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British and US specialists located drug lord Dairo Antonio Usuga, known as Otoniel, prior to a military operation involving 500 soldiers and 22 helicopters that led to his arrest.
Satellite technology found Otoniel hiding in a jungle in Necocli, near Colombia’s border with Panama.
Otoniel was the head of the notorious Clan del Golfo, or Gulf Clan, a drug cartel that controls many routes used to smuggle drugs from Colombia. Otoniel, 50, is accused of sending dozens of shipments of cocaine to the US, killing police officers, illegal mining, recruiting minors and sexually abusing children.
Colombia’s President Ivan Duque Marquez called the operation, in which one police officer died, “the hardest strike to drug trafficking in our country this century”.
Police chief Jorge Vargas proudly spoke during a press conference of how Colombian authorities carried out “an important satellite operation with agencies of the US and the UK”.
Otoniel used a network of rural safe houses to move around and evade the authorities, while using couriers for communication rather than a phone.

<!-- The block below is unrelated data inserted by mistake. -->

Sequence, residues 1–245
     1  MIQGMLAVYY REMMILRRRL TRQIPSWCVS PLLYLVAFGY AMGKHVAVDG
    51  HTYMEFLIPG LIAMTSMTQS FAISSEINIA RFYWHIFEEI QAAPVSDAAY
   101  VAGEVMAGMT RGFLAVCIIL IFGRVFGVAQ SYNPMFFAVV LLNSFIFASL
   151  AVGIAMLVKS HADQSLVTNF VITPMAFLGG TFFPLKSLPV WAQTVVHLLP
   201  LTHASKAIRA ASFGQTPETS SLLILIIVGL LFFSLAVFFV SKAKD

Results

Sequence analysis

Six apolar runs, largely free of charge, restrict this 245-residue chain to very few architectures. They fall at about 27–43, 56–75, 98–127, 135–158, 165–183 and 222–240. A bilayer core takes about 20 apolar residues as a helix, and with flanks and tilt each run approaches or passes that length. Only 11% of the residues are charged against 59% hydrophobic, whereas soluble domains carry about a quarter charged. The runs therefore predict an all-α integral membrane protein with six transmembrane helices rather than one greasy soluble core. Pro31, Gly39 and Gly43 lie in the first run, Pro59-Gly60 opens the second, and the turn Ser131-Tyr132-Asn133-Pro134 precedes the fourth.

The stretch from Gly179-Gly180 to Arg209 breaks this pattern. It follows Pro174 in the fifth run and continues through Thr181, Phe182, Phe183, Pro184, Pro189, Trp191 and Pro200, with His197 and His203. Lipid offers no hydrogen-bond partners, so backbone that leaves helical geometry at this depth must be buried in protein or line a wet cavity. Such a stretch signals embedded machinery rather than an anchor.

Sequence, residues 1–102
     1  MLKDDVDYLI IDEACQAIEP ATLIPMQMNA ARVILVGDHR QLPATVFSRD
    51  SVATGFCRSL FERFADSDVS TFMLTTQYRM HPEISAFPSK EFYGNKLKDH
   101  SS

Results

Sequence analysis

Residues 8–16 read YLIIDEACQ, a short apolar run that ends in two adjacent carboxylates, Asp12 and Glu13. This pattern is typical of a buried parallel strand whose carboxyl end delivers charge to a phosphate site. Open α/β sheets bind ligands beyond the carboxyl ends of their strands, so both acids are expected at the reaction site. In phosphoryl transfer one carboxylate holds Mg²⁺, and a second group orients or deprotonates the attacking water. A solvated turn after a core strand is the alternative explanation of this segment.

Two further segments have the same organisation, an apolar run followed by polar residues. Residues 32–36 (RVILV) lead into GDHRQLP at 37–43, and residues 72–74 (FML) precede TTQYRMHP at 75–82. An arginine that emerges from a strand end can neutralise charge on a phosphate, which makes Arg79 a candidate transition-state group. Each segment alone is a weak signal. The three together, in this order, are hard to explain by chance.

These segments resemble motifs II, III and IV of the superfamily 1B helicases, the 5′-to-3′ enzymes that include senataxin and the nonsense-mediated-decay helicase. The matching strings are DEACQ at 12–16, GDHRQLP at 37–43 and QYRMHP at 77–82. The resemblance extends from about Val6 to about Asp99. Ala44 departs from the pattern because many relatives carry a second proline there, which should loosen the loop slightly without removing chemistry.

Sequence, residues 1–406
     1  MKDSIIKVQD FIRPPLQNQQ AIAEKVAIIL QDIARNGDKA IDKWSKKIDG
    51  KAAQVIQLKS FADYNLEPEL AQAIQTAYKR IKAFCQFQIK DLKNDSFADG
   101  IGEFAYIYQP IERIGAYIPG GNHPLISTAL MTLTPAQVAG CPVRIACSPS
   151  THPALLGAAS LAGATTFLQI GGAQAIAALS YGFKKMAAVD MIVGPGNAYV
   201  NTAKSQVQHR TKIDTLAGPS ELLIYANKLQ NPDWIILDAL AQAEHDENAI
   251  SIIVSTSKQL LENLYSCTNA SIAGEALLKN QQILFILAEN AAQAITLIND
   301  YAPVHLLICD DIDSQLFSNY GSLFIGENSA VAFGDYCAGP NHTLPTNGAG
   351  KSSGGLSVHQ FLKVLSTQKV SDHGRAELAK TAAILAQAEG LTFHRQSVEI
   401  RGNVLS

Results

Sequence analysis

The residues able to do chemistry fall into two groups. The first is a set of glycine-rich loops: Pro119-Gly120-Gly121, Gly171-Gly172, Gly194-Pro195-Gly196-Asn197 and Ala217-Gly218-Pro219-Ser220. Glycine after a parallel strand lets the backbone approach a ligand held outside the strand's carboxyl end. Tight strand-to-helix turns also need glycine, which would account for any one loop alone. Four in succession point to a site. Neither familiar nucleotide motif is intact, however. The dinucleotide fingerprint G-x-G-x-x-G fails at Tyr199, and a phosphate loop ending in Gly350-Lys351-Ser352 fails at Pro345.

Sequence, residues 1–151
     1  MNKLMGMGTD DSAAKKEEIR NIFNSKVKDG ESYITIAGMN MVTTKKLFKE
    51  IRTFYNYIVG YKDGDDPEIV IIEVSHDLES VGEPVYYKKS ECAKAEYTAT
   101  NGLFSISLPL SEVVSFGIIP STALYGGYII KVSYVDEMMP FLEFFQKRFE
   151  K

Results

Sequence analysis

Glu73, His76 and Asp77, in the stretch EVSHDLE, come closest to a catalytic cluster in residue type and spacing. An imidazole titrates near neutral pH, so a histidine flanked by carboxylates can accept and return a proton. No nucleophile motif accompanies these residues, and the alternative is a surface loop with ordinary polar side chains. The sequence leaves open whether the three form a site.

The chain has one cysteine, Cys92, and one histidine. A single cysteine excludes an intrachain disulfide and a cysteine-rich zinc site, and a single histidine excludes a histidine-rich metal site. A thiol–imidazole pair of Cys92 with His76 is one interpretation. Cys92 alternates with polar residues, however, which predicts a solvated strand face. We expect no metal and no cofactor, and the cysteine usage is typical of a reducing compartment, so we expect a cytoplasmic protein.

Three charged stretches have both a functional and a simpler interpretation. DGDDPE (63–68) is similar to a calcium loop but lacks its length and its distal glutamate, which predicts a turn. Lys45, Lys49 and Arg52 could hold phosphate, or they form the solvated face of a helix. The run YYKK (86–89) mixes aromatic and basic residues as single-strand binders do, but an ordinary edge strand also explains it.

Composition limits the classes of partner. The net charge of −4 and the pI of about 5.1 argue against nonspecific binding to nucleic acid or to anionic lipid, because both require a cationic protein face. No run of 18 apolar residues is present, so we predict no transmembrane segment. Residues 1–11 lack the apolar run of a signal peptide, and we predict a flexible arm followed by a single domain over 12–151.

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He had become the head of the Gulf Clan, formerly the Usuga Clan, almost 10 years ago after its last leader, his brother, was killed in a raid.
Dozens of Otoniel’s lieutenants were captured and killed in an operation in 2016, and his sister, Nini Johana Usuga, was arrested in March.
She was extradited to the US to face charges connected to drug trafficking and money laundering.
Much of the cocaine arriving in the UK is from Colombia – and Europe has eclipsed the US as the Gulf Clan’s favoured market.
A kilogram of cocaine in the US is worth up to £20,000 wholesale but that rises to £29,000 on average in Europe, and nearly £58,000 in some parts of the continent.
Duque, elected in 2018, has vowed to half coca plantations by 2023.
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